Jan 21, 2015 11:09 AM by CBS News
In 2014, President Obama issued a direct challenge to Congress in his State of the Union: Here is my agenda, and if you don't do your part I will do what I can with my executive power.
There was no such direct threat in his 2015 address, but that doesn't mean he is any less reliant on Congress. Nearly all of his proposals in 2015, including expanding paid sick leave, making two years of community college free, and reforming the tax code, require Congress to act. He can do even less alone this year than he could last year.
Mr. Obama still has a to-do list for himself, but he also seems prepared to bombard Congress with proposals that will only become law if they take action. He has an ambitious list of proposals and monetary requests for his 2015 budget, but Congress still controls the purse strings. His State of the Union address was all about putting those proposals on the table, and offering a contrast with Republicans.
"Will we accept an economy where only a few of us do spectacularly well? Or will we commit ourselves to an economy that generates rising incomes and chances for everyone who makes the effort?" he said Tuesday.
He also had a few requests for the corporate world that fit into his theme of making life better for the American middle class.
Here's a look at what Mr. Obama has promised to do, where he needs Congress, and what he has asked of CEOs around the country:
The president's to-do list:
Veto, veto veto: With Congress fully in Republican hands for the first time during his presidency, Mr. Obama no longer has a Democrat-controlled Senate to stop bills he won't sign from reaching his desk. That means his veto pen stands to get quite a workout this year, and Mr. Obama has already pledged to veto seven bills in the pipeline. In his State of the Union address, he pledged to veto anything that: "[puts] the security of families at risk by taking away their health insurance, or [unravels] the new rules on Wall Street, or [refights] past battles on immigration when we've got a system to fix." He also warned that he would reject any bill with fresh sanctions on Iran while the U.S. and other world powers are still negotiating a deal to end its nuclear program, and hinted that he would stop Congress from trying to block anything his administration has done unilaterally to fight climate change.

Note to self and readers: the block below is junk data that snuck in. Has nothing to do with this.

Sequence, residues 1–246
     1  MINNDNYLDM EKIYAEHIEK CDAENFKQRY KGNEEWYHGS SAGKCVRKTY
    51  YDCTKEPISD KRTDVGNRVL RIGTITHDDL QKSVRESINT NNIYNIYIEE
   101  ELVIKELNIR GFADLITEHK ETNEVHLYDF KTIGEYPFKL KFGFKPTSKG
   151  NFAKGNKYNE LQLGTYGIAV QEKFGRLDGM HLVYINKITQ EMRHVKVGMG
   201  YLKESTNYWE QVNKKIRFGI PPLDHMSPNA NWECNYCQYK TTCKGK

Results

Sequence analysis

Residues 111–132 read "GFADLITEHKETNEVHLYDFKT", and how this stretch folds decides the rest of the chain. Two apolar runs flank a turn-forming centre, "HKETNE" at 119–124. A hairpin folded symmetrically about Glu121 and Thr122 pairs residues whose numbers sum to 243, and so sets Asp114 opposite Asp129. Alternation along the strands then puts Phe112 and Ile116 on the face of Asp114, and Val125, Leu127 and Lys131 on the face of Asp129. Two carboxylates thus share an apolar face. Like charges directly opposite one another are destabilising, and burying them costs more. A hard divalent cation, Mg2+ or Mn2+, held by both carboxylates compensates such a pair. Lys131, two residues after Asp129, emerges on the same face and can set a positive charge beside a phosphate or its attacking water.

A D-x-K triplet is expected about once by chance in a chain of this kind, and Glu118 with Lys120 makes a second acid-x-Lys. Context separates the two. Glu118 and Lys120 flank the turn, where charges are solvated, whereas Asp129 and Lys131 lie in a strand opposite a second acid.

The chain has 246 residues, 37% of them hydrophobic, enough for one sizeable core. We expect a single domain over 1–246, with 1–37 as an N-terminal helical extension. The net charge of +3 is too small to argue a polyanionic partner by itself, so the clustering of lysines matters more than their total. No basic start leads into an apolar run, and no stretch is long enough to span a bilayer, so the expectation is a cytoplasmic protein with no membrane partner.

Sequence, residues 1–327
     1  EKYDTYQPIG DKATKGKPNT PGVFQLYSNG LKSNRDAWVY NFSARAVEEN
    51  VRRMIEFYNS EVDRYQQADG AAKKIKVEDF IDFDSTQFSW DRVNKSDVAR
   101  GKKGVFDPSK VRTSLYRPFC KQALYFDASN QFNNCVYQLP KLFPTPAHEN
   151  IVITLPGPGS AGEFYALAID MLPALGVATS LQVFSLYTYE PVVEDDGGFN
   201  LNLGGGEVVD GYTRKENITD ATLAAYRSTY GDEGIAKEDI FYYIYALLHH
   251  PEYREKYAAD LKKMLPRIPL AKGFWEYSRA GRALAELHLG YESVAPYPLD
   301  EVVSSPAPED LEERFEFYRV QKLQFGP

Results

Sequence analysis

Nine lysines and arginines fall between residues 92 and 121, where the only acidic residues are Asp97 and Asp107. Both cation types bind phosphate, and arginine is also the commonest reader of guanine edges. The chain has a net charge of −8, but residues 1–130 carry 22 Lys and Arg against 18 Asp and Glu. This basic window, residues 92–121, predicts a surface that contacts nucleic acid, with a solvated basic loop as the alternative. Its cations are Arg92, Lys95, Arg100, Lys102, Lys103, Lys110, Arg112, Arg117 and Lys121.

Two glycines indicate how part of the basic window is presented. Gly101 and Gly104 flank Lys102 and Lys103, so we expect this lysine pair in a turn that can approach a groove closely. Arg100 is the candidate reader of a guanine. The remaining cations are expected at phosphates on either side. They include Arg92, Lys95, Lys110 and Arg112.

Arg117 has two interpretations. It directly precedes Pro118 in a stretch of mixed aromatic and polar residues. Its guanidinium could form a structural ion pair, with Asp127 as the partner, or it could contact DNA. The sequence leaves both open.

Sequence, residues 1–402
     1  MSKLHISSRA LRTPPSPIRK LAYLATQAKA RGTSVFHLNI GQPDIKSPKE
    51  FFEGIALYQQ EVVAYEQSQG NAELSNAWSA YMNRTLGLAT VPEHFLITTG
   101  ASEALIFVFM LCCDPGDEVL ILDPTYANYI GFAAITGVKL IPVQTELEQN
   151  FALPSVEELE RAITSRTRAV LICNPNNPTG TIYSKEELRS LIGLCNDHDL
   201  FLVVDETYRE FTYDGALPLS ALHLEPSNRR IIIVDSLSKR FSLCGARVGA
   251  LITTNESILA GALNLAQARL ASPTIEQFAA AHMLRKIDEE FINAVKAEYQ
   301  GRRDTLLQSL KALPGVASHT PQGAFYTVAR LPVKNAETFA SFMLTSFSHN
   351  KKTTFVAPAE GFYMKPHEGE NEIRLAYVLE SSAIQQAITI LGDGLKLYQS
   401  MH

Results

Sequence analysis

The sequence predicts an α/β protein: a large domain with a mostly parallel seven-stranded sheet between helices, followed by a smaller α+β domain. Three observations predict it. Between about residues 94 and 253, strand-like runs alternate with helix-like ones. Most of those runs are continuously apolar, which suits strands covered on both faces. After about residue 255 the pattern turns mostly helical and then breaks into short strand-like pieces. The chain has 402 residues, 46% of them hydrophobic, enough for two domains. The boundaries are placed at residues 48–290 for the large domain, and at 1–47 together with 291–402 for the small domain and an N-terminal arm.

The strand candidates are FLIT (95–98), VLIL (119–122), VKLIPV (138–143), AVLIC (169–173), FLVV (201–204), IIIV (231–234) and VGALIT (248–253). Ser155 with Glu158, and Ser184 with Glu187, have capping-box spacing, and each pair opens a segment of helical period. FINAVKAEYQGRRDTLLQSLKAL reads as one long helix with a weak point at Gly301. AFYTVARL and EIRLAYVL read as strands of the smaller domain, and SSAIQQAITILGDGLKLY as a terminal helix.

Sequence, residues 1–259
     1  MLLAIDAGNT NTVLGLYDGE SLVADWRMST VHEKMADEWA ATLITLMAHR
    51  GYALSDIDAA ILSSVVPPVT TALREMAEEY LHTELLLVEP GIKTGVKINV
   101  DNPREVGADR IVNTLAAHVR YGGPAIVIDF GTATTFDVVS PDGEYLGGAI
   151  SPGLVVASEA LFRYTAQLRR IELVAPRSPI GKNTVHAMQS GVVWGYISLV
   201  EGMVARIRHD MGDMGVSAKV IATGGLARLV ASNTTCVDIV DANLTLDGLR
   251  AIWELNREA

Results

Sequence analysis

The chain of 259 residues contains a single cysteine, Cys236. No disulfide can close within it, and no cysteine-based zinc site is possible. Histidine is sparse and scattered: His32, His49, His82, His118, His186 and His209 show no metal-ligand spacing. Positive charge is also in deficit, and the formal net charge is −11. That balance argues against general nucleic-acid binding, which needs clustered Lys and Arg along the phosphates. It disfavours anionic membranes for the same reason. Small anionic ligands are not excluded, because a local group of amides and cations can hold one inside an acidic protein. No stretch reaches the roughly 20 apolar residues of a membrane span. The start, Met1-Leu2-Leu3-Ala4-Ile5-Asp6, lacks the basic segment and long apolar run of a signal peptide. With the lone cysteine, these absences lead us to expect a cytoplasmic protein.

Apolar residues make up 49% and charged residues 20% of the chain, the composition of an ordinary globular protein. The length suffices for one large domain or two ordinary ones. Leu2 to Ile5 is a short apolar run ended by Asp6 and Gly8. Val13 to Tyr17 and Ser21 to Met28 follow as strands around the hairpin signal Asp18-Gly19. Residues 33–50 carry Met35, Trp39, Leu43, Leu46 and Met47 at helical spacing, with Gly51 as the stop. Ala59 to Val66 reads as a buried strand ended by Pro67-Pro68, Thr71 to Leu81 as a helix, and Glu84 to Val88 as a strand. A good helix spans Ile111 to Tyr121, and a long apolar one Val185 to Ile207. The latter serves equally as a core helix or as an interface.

Curing disease with the help of the human genome: The president said he was launching this initiative to help cure diseases like cancer and diabetes with targeted treatments based in part on a person's genetic makeup. However the success and of the program seems highly dependent the increased research and development funding he will propose in his budget - which is subject to congressional approval.
Call for net neutrality: "I intend to protect a free and open internet, extend its reach to every classroom, and every community, and help folks build the fastest networks, so that the next generation of digital innovators and entrepreneurs have the platform to keep reshaping our world," Mr. Obama said. The president has previously called for the Federal Communications Commission (FCC) to force internet providers to treat all web traffic the same, but since the FCC is an independent regulatory body all he can do is offer his opinion.
Balancing civil liberties with aggressive surveillance methods: The Senate failed to pass legislation in 2014 that would have reformed the National Security Agency's bulk data collection methods, but Mr. Obama said he hasn't forgotten about the importance of reform. He promised to issue a report next month on how the intelligence agencies are adopting recommendations from privacy advocates to increase transparency and prevent infringement on Americans' civil liberties.
Where he needs Congress:
Access to affordable, quality childcare: Mr. Obama's plan to make child care more available and affordable depends on his proposal to overhaul the tax code - which is controlled by Congress - in order to provide a $3,000 credit per young child to help families pay for care and an additional credit of up to $500 when both spouses work. His budget will also contain funding to expand access and improve the quality of child-care programs.
Paid sick leave: Mr. Obama wants Congress to pass the Healthy Families Act, which would allow working Americans to earn up to seven days per year of paid sick time, and he is proposing more than $2 billion in new funding to encourage states to develop their own programs for paid family and medical leave. He also wants Congress to pass legislation that would give federal employees six weeks of paid parental leave.